The Hummus Standoff

by Sarah on January 21, 2010

After researching hummus and chickpeas for a post, I decided to visit some of the better known hummus venues in Israel. There are numerous hummusias, as they are locally known, but Abu Hassan in Jaffa and Halil’s in Ramle have become a pilgrimage to some.

Abu Hassan, which is also known as Ali Caravan, is located right outside of ancient Jaffa overlooking the Mediterranean which certainly makes everything taste better. I had meandered all across the old city, trying to find the hummusia, and had the bad luck to ask the competition who walked me up, down and around to his restaurant instead of giving me proper directions.

This can't be it...

It’s supposed to be a hole in the wall, this isn’t it either…
I am getting closer

When I did finally arrive it was packed with people waiting on line, wedged together around tables and streaming in and out for takeaway.

I asked a hustled waiter if it was possible to take a picture of the establishment and this seemed to trigger instantaneous interest, especially after I mentioned writing a blog. The captain made a Herculean effort to gather every worker for a group picture, leaving the ship unmanned during the storm and flooding it with customers.

Group picture at Abu Hassan/Ali Caravan

About a nanosecond after the 1st picture was taken, man the yards!

Mind you, this is high time in the hummusia and every worker seems to be in two places at once, zipping about like valence electrons. Many agree that Abu Hassan has the best hummus in Israel and regularly come to pay their homage.

Huge pot of hadas chickpeas, unpeeled

On my way back, embarrassingly, it took me no more than five minutes to get to my car.

Halil's in Ramle

Halil’s, situated near the shuk in Ramle, is farther away from the regular tourist destinations in a historic and crumbling old part of town yet still bustling with local activity.  My first visit there happened to be Christmas day and the proprietor had a little decorated tree on top of the coca cola machine and church bells could be heard in the distance but other than that it was business as usual.  As it was still morning when we arrived I ordered the Middle Eastern equivalent of a hearty breakfast, masabacha, a uniquely Palestinian dish of hummus, tahini and whole cooked chickpeas and my husband a dish of ful madames or Egyptian brown beans which was served with vegetables wedges of tomatoes and onions.

The quartered onions reminded me of a Mr. Bean episode where he accidently explodes the thanksgiving turkey in the microwave and has nothing to serve his guests but raw onion hors d’oeuvres on the ends of toothpicks.  I am sure this humor would be lost in this culture of fresh vegetables which struck me as even funnier as I sat there with friends munching on raw onions. Halil is not only a hummusia but a small family restaurant that serves a variety of salads and grilled meats in addition to their famous dips.

There are many theories of why hummus is so popular in Israel and countless articles have been written about it. Some say it is because it is a filling, inexpensive meal which is both tasty and healthy, others say that the early Jewish immigrants adopted this dish as a rejection of their European roots. Although I don’t think the last reason played a major role, hummus is a great equalizer because it is such a cheap and widely available source of food. In my opinion hummus has become such an icon of Israeli food, perhaps surpassing falafel because of one thing- it is one of the very few foods which is still eaten with the hands, making cutlery unnecessary.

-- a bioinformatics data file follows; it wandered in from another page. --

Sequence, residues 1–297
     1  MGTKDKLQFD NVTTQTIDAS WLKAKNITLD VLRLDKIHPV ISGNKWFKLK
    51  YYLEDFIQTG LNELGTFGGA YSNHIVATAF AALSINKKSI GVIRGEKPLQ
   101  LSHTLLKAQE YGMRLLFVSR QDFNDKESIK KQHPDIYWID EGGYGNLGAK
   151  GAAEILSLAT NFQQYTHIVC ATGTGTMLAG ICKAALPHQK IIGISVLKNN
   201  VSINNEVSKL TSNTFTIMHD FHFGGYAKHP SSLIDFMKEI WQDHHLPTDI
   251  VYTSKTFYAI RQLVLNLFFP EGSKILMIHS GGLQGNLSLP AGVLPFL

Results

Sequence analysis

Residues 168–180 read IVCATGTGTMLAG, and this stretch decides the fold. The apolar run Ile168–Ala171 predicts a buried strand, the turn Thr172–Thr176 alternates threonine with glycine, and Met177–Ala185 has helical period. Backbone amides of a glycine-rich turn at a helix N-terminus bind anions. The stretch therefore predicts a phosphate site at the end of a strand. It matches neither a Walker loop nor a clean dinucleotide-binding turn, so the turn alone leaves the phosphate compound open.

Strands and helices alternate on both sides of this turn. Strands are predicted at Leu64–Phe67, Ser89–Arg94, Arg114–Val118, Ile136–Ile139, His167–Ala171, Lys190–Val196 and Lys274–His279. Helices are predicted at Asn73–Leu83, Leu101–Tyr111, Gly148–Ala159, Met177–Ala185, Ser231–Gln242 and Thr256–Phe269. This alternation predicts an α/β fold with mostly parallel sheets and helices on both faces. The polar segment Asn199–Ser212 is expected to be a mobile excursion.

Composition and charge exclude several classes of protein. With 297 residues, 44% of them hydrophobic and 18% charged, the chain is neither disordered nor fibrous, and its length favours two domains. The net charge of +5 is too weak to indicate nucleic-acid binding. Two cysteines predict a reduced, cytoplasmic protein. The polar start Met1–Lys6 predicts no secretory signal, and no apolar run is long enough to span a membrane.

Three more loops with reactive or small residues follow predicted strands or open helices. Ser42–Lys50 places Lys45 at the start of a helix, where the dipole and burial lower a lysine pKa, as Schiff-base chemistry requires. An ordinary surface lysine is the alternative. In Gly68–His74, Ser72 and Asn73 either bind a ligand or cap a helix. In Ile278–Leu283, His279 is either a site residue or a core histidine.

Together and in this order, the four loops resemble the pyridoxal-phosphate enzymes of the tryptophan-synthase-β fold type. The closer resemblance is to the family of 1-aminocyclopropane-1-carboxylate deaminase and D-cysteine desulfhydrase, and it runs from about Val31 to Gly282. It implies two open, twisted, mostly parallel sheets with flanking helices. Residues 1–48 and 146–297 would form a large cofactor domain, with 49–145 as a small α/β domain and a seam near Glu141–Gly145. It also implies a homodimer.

In fact, anyone seen eating with a knife and fork would probably be ushered to the door.  There are some who would call this a very basic and rustic food culture but for me it seems both luxurious and comforting to experience food using all the senses, a method often discarded from the age of two. It does not surprise me that many Indians, who traditionally eat with their hands, are adamant about keeping this part of their food culture and I am sure that eventually, just for shock value, upscale establishments will begin to use it as well.

So you want to know who has the best hummus?

In my humble opinion it was Abu Hassan but……

Halil for sure has the best masabacha I have ever eaten.

In hummus as in life, you win some, you lose some.

Abu Hassan/Ali Caravan: 1 Dophin St, Jaffa

Halil, Near the shuk in Ramle, turn right after Hanasi gardens

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{ 5 comments… read them below or add one }

Yael January 21, 2010 at 3:27 am

Sarah, you will upset hundreds of readers that think that in Jerusalem there is the best Humus, or in Akko (my personal favourite), Nazzeret and so on. Any group of people swears by a different place that they vow is the best Humus not only in the country but in the whole universe.
loved your pictures as usual. every thing looks so tasty.


Kristen January 21, 2010 at 1:07 pm

Gosh, I love anything that I can eat with my hands ;-) and hummus is one of those things. I love your pictures and I love your stories and adventures that go with your posts. It’s like I get to go on your adventures with you. Thanks!


Harry January 22, 2010 at 1:13 am

Big fan of Khalil. I go whenever I’m in Ramle (which is has been quite often lately). Best bet is to get there early when the hummus is still really, really warm. Best breakfast ever.


Fun Joel January 25, 2010 at 3:17 am

You didn’t even try Abu Ghosh? I haven’t been (yet), but I’ve heard such wonderful things about it.


Sarah January 25, 2010 at 3:34 am

of course I tried Abu Gosh and even have a picture of the man himself (scroll down). The hummus was great, but I liked Abu Hassan better although I may have been hungrier at the time.


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